On January 30, 2023, the Biden administration announced its intention to make final extensions of both the COVID-19 National Emergency (NE) and the COVID-19 Public Health Emergency (PHE) through May 11, 2023, at which point both will end. These emergency declarations have been in place for nearly three years and have enabled the government to modify certain coverage requirements by Medicare, Medicaid and private insurance plans, as well as benefits administration rules. The end of the PHE and NE may mean added costs for benefits plans and new questions regarding compliance. This series will explore the implications of the PHE and NE and what their impending end may mean for benefit plan sponsors with articles released periodically before May 11.
There are several important benefit coverage and administration requirements connected to the PHE and/or NE that may remain the same, remain for a temporary period or may need to be discontinued upon the end of these federal emergencies. Over the course of the upcoming weeks, we will cover the key topics that may be triggered by the end of the PHE and/or NE, including:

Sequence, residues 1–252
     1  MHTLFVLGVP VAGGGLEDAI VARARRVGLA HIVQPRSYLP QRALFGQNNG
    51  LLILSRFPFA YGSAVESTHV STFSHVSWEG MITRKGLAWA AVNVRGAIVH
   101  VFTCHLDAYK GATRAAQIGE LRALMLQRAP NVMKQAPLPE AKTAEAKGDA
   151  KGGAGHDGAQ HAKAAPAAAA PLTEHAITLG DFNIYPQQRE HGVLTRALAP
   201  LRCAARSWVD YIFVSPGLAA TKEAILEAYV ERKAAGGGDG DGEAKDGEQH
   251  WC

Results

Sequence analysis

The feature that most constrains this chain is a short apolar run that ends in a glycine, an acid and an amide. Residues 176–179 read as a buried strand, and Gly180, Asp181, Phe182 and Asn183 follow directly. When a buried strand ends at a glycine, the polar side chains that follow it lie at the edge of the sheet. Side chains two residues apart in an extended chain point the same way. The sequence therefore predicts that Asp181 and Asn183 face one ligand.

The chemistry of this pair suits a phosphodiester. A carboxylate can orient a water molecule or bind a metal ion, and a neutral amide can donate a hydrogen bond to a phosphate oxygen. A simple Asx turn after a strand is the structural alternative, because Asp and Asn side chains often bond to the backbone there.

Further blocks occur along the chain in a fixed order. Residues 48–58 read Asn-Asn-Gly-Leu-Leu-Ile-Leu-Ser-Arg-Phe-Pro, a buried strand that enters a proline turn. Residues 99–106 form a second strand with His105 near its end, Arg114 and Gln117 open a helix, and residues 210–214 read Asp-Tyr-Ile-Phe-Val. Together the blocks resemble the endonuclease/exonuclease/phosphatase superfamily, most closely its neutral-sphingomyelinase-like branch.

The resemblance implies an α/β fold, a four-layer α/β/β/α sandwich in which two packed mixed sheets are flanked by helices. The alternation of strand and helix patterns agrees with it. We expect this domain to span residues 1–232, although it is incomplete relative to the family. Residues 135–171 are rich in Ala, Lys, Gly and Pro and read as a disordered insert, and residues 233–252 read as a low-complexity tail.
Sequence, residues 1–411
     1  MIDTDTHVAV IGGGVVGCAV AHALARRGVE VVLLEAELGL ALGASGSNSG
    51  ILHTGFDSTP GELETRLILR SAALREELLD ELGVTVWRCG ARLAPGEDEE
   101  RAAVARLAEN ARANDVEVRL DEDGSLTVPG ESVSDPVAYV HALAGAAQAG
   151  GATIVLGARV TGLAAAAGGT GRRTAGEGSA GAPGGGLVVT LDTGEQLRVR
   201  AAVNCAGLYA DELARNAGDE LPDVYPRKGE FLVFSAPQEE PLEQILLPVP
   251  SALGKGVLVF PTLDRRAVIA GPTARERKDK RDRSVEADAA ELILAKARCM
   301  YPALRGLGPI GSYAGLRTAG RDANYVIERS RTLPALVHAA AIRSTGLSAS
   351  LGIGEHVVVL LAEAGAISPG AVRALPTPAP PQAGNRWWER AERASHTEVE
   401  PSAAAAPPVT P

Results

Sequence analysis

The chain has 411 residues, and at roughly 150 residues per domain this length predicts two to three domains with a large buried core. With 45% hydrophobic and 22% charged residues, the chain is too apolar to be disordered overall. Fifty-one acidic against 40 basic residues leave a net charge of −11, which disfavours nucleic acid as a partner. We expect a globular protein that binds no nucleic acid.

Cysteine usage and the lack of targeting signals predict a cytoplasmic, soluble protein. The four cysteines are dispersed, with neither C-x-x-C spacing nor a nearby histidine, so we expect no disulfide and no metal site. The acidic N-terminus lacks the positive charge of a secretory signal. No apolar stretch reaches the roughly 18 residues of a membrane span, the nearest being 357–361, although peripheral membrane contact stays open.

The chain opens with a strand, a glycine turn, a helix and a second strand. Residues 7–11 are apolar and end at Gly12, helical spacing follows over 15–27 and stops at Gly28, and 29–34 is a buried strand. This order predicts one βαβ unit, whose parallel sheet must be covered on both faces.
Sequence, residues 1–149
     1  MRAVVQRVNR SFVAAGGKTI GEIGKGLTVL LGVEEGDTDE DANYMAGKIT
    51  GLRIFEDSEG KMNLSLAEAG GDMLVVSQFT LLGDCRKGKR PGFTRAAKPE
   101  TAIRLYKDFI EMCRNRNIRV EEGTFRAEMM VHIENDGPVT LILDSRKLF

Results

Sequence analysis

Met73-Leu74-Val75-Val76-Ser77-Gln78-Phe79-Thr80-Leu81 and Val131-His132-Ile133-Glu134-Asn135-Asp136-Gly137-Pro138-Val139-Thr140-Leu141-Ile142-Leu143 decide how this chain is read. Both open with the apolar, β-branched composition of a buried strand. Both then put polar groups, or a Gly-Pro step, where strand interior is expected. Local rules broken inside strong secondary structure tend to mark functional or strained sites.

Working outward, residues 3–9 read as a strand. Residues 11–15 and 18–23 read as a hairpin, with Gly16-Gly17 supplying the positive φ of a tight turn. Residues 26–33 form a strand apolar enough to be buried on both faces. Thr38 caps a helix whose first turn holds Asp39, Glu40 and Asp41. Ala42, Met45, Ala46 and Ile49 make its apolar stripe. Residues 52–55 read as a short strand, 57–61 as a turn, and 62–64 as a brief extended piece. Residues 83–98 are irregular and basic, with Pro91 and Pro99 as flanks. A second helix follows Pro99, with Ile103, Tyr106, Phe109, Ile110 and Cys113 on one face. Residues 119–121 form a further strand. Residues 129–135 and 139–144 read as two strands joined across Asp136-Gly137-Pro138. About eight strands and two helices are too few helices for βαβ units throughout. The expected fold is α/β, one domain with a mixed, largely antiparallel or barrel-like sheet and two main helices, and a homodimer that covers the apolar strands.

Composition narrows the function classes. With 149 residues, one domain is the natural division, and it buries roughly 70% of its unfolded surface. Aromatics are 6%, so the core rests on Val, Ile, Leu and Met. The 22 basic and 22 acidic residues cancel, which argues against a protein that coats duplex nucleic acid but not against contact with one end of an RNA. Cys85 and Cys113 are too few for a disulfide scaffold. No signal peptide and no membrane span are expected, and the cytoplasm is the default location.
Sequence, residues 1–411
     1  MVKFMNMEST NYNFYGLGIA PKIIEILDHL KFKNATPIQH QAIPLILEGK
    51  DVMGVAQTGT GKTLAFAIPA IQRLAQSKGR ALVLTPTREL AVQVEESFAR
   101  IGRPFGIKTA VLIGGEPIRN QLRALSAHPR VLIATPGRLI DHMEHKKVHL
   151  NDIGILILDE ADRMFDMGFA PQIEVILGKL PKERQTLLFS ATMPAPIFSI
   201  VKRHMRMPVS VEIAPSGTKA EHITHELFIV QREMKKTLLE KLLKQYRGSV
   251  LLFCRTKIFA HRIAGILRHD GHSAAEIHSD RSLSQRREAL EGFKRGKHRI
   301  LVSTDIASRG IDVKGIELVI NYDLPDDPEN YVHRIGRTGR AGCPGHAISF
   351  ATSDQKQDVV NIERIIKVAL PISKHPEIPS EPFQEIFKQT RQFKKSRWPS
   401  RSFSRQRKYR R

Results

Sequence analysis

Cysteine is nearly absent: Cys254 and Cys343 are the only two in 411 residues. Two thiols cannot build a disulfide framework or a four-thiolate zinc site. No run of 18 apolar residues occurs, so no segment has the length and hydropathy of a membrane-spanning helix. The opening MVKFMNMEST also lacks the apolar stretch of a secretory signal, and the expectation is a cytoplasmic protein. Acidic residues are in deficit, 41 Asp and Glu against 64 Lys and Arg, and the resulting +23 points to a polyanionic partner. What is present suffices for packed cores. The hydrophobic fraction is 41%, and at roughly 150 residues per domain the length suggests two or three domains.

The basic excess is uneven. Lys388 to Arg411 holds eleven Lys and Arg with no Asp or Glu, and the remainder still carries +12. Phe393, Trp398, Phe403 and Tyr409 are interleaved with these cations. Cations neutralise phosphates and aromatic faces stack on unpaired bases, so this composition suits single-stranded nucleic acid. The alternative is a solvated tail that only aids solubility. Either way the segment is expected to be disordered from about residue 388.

- COVID-19 Testing (Part 2 of 10)
- COVID-19 Vaccines (Part 3 of 10)
- Telehealth (Part 4 of 10)
- Mental Health Parity (Part 5 of 10)
- High Deductible Health Plans, Health Savings Accounts and Employee Assistance Plans (Part 6 of 10)
- Deadline Tolling Applied to Each of:
- COBRA (Part 7 of 10)
- Claims and Appeals + External Review (Part 8 of 10)
- HIPAA Special Enrollment (Part 9 of 10)
- Other Plan-Related Notices (Part 10 of 10)
Note that the items covered above are not an exhaustive list of all legislative and regulatory changes that could affect employee benefit plans. This series is meant to keep employers informed about some of the most important upcoming changes and the impending decisions and disclosures that need to be made.
The content of this article is intended to provide a general guide to the subject matter. Specialist advice should be sought about your specific circumstances.